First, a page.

COMMENTARY

Outbreaks of Carbapenem-Resistant Enterobacteriaceae

Arjun Srinivasan, MD

Disclosures

May 02, 2012

Editorial Collaboration

Medscape &

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Hi. I am Dr. Arjun Srinivasan from the Centers for Disease Control and Prevention (CDC). I am here at the Society for Healthcare Epidemiology of America (SHEA) spring meeting in Florida. I wanted to talk to you for a few minutes today about some important issues in healthcare outbreaks that we are seeing. Many issues related to unsafe injection practices are leading to outbreaks in healthcare. Outbreaks in non-acute care settings, such as ambulatory surgical centers and long-term care facilities, are also posing challenges for us.

The issue I would like to focus on today is a highly drug-resistant pathogen that we see as a growing cause of outbreaks in healthcare facilities, namely carbapenem-resistant Enterobacteriaceae, sometimes referred to as CRE.

Enterobacteriaceae, as you may remember from medical school, is a large group of gram-negative organisms that are common residents of the gastrointestinal tract. Classically, these organisms have been readily treatable with antibiotics, but over the last several years we have encountered a growing number of Enterobacteriaceae that are resistant to all of our antibiotics, including carbapenems. Historically, carbapenems had been our last line of defense in treating Enterobacteriaceae, and so the development of resistance to these last-line agents has been a significant issue in healthcare. Indeed, CRE now pose a major therapeutic dilemma in some facilities.

Some good studies have shown that the mortality from CRE infections can be as high as 40%.[1]These pathogens obviously pose a major therapeutic dilemma because there are simply no antibiotics left to treat them. Additionally, we have seen that these organisms can spread very quickly in our healthcare facilities. A number of very well-described outbreaks have occurred in this country and in others where, in short order, 1 case of CRE infection in a healthcare facility has led to many others. Several important issues have come to light that have very relevant implications for steps that we can take to control the spread of CRE in our healthcare facilities. I would like to share a few of those with you today.

The first is the issue of the interdependence of acute care facilities and long-term care facilities when we are talking about CRE. Outbreaks following the transfer of patients between different healthcare facilities have been well described when the transferred patient subsequently became the source of an outbreak. For example, patients who are in long-term care or long-term acute care facilities can be transferred to acute care hospitals, and then other cases can arise from that initial transfer. This can happen the other way around, too, when patients go from acute care facilities to long-term care facilities and then become the source of outbreaks in those facilities. That suggests to us as clinicians that we need to know where our patients are coming from and where our patients are going. We have to communicate with transferring and accepting facilities so that we can better understand problems that they may be having with CRE, so that we can treat their patients most appropriately.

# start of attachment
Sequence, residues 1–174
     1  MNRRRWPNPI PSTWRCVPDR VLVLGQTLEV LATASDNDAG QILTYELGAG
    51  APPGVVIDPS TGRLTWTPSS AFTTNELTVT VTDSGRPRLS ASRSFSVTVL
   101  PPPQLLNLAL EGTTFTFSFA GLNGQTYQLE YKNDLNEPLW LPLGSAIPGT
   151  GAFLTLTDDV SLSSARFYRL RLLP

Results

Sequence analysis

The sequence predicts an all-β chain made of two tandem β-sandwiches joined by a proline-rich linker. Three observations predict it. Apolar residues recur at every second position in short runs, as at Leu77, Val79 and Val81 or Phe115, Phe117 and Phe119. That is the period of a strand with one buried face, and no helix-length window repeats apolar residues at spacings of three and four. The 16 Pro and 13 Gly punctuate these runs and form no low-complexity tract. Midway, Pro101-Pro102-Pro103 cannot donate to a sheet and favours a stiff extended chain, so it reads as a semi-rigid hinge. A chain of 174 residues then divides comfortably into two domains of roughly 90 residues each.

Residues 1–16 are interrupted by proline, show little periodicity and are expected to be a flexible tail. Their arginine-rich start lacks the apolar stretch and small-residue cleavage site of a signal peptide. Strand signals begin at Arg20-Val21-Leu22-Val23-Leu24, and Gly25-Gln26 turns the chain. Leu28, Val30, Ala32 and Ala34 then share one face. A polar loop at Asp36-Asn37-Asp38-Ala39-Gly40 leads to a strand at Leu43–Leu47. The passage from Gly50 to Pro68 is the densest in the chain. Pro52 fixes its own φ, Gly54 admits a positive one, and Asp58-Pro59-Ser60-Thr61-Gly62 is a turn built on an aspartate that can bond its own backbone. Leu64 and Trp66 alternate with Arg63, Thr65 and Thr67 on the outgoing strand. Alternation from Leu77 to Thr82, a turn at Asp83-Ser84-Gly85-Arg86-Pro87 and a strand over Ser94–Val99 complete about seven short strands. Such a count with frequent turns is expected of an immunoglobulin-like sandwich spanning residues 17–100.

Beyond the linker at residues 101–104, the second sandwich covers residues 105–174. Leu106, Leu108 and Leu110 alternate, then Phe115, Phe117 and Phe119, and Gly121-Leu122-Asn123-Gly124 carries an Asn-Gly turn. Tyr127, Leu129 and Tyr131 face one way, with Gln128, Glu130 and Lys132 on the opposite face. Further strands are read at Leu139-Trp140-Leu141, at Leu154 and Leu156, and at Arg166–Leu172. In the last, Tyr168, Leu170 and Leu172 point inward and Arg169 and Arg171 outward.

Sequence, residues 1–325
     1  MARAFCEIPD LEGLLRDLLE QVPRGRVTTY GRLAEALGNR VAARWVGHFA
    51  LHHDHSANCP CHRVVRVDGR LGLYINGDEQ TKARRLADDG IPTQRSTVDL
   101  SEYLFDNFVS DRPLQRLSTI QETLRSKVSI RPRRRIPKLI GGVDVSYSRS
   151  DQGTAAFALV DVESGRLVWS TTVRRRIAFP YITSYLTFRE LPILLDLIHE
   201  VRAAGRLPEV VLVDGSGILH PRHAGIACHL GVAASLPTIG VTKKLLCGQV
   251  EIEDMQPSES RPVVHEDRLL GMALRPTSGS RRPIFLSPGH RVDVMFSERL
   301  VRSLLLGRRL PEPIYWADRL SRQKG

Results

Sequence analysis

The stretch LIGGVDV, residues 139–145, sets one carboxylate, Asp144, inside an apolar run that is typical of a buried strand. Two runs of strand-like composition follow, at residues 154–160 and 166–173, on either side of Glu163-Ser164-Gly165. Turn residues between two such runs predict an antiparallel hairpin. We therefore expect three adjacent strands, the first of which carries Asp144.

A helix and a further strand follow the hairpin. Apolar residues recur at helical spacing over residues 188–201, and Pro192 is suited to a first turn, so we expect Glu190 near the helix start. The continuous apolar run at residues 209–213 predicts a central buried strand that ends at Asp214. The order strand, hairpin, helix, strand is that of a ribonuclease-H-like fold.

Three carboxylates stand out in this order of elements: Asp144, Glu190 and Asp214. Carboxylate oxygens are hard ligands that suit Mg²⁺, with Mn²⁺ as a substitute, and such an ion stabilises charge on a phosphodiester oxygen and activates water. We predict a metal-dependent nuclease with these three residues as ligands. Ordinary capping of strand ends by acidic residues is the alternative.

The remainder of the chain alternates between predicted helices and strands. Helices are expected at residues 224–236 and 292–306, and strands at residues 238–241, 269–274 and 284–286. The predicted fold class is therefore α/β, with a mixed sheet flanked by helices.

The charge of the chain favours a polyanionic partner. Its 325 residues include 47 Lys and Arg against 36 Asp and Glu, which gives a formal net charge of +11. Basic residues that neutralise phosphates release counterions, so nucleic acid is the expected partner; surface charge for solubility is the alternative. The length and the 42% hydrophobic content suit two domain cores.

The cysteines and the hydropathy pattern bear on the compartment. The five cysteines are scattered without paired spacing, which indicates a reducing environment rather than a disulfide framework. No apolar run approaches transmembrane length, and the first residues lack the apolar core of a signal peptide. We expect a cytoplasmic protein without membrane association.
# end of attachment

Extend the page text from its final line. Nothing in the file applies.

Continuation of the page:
The other issue that has come to light as an important factor in controlling CRE is the awareness that CRE are not normal pathogens in healthcare. The presence of a CRE(most commonly E coli or a Klebsiella species that is resistant to carbapenems) should trigger immediate action on behalf of clinicians, microbiologists, and infection-control staff. We need to rapidly isolate those patients using contact precautions. Early implementation of isolation is very effective in preventing transmission of CRE, and the only way we can isolate these patients effectively is to be aware that they are infected and take action promptly.

Another important control measure for CRE is using active surveillance testing to identify cases. Active surveillance testing involves performing cultures of patients who are asymptomatic. Most commonly this is performed with a rectal swab, and it can be very helpful in identifying patients who may be unrecognized carriers of CRE. This can be accomplished following exposure to a case that might have been in your facility that you didn't know about. This active surveillance strategy, conducted in a very targeted and limited way, has been very effective in controlling the spread of CRE in some settings and should be given serious consideration to try and control the spread of CRE.

Finally, one thing that we can all work on to reduce the spread of CRE in our healthcare facilities is to improve antibiotic use. Carbapenem exposure has been shown in studies to be the single most important risk factor for the development of CRE.[2] So, it stands to reason that reducing the use of carbapenems in our healthcare facilities will go a long way toward helping us prevent the spread and development of these carbapenem-resistant organisms.

We know that there are steps we can take to control the spread of CRE. This organism is a growing problem in US healthcare facilities, but at the same time we have an important opportunity to act now to prevent this from becoming a more serious problem. By taking the steps that we know are effective, we can help reduce the spread of CRE. I encourage all of us to be aware of what we can do and to take the steps necessary to prevent more patients from suffering from these infections.

This is Arjun Srinivasan on behalf of the CDC, SHEA, and Medscape.

Thank you.

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